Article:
Tag Archives: Aaron Paul

Season Finale: Breaking Bad – “Face Off”

“Face Off”

October 9th, 2011

“I won.”

For the sake of the fact that writing an opening without spoilers feels like an impossibility at the moment, let’s throw all of this behind the fold and get to the real meat of the issue.

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Breaking Bad – “Problem Dog”

“Problem Dog”

August 28th, 2011

“I never wanted any of this.”

We’re reaching the point in the year where my schedule is going to make covering Breaking Bad weekly a bit challenging, but we’re also reaching the point where I honestly don’t know how much I have left to say.

Now, I could technically write 2500 words talking about what happened in “Problem Dog,” given that the show continues to build on its mythology of tension and self-destruction. However, I’m finding that the show doesn’t really need to be “explained” or even “analyzed” at this point in its fourth season, with the focus instead being on experience. It’s something the show has been doing from the beginning, really, but the fourth season has been particularly built around the audience either sitting back to enjoy the spectacle (as was the case in Hank’s big scene this week) or on the edge of our seats full engrossed in the characters’ plight (as with Jesse at pretty much every point this season).

I’ve stopped taking notes while I watch the show, in part because anything I write down is just as likely to spring from my brain an hour later as I sit down to write a review, and in part because it feels counter-productive. I’m hopeful that I can keep writing about the show in future weeks, but chances are my responses will be a little more free-flowing, and a bit less detailed, given the position the show is in right now.

Which is a damn fine position, just so we’re clear.

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Breaking Bad – “Cornered”

“Cornered”

August 21st, 2011

Admittedly, I am once again delayed in getting to Breaking Bad by another commitment (this time covering The Glee Project finale over at The A.V. Club), but I also think it’s another episode where an extra-long treatise feels sort of unnecessary.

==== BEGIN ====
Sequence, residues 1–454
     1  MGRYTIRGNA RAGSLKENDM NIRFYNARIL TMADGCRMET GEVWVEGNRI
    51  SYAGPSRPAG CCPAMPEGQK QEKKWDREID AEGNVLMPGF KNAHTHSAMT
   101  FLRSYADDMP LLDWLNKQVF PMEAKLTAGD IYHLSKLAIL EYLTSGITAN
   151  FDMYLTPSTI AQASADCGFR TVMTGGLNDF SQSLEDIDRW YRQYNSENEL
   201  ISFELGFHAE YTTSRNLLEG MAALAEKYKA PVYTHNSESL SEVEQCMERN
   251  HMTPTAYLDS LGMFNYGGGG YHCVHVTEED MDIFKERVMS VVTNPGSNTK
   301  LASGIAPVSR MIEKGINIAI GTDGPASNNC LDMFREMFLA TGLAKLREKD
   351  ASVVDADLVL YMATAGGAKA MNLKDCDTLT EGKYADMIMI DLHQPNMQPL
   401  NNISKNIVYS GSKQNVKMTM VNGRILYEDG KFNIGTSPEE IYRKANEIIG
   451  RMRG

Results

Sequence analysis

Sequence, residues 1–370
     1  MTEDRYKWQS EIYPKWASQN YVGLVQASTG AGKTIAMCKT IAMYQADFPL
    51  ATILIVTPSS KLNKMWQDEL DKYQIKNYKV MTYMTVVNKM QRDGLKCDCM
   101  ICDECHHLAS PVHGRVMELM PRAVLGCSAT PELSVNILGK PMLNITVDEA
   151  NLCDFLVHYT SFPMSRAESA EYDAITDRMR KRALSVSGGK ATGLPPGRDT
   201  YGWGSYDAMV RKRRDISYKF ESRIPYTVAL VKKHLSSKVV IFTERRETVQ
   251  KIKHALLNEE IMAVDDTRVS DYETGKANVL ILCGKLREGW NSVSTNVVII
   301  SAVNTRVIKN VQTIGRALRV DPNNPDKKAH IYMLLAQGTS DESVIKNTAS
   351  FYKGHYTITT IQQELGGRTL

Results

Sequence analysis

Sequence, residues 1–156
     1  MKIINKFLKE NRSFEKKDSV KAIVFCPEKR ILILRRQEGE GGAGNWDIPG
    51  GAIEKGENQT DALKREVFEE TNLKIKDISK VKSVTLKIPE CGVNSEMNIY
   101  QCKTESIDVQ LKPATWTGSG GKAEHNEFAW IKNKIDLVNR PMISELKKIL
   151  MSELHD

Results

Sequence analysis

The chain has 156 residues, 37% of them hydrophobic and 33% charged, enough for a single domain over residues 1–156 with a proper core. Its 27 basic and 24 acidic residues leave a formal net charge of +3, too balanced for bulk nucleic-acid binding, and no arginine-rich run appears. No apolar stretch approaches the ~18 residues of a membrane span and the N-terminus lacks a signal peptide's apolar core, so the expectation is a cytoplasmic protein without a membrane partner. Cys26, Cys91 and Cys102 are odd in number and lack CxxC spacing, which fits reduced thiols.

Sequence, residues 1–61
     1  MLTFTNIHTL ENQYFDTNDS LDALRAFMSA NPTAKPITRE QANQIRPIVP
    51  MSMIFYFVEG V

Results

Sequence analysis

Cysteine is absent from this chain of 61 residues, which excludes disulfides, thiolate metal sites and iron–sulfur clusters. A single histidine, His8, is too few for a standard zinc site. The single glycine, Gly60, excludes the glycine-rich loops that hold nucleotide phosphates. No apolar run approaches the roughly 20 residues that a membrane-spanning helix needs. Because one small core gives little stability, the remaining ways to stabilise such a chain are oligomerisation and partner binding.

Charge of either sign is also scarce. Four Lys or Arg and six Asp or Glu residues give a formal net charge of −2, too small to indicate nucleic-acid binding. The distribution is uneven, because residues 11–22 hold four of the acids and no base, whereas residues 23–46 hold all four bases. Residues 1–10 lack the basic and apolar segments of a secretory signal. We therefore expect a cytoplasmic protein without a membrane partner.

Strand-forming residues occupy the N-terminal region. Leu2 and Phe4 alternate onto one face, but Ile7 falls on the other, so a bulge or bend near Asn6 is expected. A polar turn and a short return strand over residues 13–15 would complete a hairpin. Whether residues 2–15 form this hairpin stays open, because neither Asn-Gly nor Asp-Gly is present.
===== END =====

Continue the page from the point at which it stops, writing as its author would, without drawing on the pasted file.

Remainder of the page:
“Cornered” is another straightforward hour for the show, getting right to the point thematically and having the characters more or less follow suit. Walt, in particular, has been an open book in recent weeks, at least to an audience that has been watching the show all along. It’s not quite a cry for help, as Skyler diagnoses it early in the episode, but I do think that it’s an obvious sign that Walt’s worst neuroses are rising to the surface.

And that Walt and Jesse are as much alike as ever before.

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Breaking Bad – “Bullet Points”

“Bullet Points”

August 7th, 2011

“Walter H. White – a man of hidden talents.”

When I reviewed the premiere a few weeks ago, I discussed whether or not the show’s flashback opening rendered the episode a “wee bit too writerly.” Obviously, considering that I used the phrase “wee bit,” I didn’t consider it a serious problem, but it is something that Breaking Bad can engage in on occasion.

“Bullet Points” is filled with writerly moments. It’s an episode in which the show’s characters literally script out their actions, and where elements of performance and theater are put front and center. There is nothing more writerly than meta-storytelling, and Moira Walley-Beckett’s script certainly doesn’t hide the fact that it’s gesturing back to previous seasons in a major way.

It’s also blisteringly funny, suspenseful without necessarily relying on major plot developments, and offers a great deal of insight into how these characters confront their demons: some of them bury them, some of them obsess over them, and all of them are in desperate need of someone to talk to.

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Breaking Bad – “Thirty-Eight Snub”

“Thirty-Eight Snub”

July 24th, 2011

“It’s like nothing but good days ahead.”

Walt remarks near the end of “Thirty-Eight Snub” that it’s been a hell of a last couple of weeks, which is certainly true: in fact, the sheer dramatic weight of the entire third season hangs in the air throughout this episode, the first one where the show feels stops to take a breath.